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Avian influenza – a devastating pandemic for birds and a threat for global health?

The highly pathogenic avian influenza virus (HPAI) has been causing outbreaks in wild birds and farmed poultry for decades [I]. In Central Europe, HPAI was usually only detected during the winter months. In 2022, this has changed, and the bird flu also caused infections during summer, leading to the largest epidemic in Europe so far that is ongoing and is affecting animals in 37 countries. Thousands of farmed and wild birds were infected. Seabird colonies in particular have been hit and massively decimated. In poultry farms 50 million birds died or had to be culled [II].

Even though HPAI is highly specific to birds, several spill-over events were documented in mammals. In rare cases the virus was also transmitted to humans, highlighting the zoonotic potential of the disease.

In October 2022, an HPAI-outbreak at a mink farm in the Galicia region in northwest Spain received major public interest because within a few weeks, the virus spread over the whole premises. The finding indicates a transmission of the virus from mink to mink which would be the first observed transmission between mammals [III].

Bringing together three experts on HPAI from Spain, the UK and Germany, we would like to discuss the current HPAI pandemic. Why has it become a pandemic? How detrimental is the impact on wild bird populations? Are there any measurements available to curb further spread? What is the potential of vaccination and where should it be applied? How big is the risk that HPAI could spill over to humans and become the next pandemic?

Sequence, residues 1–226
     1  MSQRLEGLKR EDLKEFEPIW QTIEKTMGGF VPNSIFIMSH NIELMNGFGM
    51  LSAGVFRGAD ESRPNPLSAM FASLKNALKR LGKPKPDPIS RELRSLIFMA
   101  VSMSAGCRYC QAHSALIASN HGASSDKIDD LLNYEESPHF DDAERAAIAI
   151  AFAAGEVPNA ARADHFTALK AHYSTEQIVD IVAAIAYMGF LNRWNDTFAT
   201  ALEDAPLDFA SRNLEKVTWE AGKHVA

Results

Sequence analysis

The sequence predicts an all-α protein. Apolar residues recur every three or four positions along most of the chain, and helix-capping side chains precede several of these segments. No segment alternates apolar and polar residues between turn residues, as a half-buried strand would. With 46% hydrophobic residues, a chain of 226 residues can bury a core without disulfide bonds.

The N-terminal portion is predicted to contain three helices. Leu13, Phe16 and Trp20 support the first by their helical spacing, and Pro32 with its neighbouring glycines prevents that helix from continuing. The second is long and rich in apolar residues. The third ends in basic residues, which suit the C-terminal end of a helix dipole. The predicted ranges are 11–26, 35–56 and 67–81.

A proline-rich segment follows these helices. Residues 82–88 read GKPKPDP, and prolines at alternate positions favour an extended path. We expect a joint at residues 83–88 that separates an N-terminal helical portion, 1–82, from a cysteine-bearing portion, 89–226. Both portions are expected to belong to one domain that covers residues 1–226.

Those questions – as well as yours – were addressed during the 50 minute briefing.

Experts in the virtual press briefing


  • Ursula Höfle, Ph.D.
    Contract professor at the SaBio (Health and Biotechnology) Research Group, National Game and Wildlife Research Institute (CSIC-UCLM-JCCM), University of Castilla-La Mancha, Spain

  • Prof. Ian H. Brown
    Director of Scientific Services at the Animal and Plant Health Agency (APHA), Weybridge, Surrey, UK

  • Prof. Martin Beer
    Head of the Institute for Diagnostic Virology (IVD), Friedrich-Loeffler-Institut, Bundesforschungsinstitut für Tiergesundheit, Greifswald-Insel Riems, Germany

Closing statements

At the end of the Press Briefing, the SMC asked the experts which aspect of avian flu they are most concerned about and which aspect they would address or stress in their reporting if they were a journalist. We provide the answers below as statements.

Ursula Höfle, Ph.D.

Contract professor at the SaBio (Health and Biotechnology) Research Group, National Game and Wildlife Research Institute (CSIC-UCLM-JCCM), University of Castilla-La Mancha, Spain

„I think the wild bird component of this is really the key – it's a wild birds and poultry panzootic. But it's the change in the epidemiology of this virus, the adaptation to wild birds and the impact it has on a lot of different wild bird populations and biodiversity that for me is something really serious.“

„And then the second part is that with increased numbers of individuals and increased circulation the opportunity for the virus increases to adapt to a lot of different situations increases and species. The risk is the many opportunities the virus gets through this really widespread and wide circulation. Now not only the viruses adapted more to wild birds and it has gathered force in violence and in spread between wild birds but it's also able to persist longer. We have outbreaks in summer even in regions, such as the Iberian Peninsula, where we've actually had very, very sporadic outbreaks, because of UV light and very high temperatures. And now we're seeing outbreaks in August in Spain, which is something really, really unprecedented. And this shows that this virus is changing in many ways that we don't have a handle on. And this is what I would like to stress.“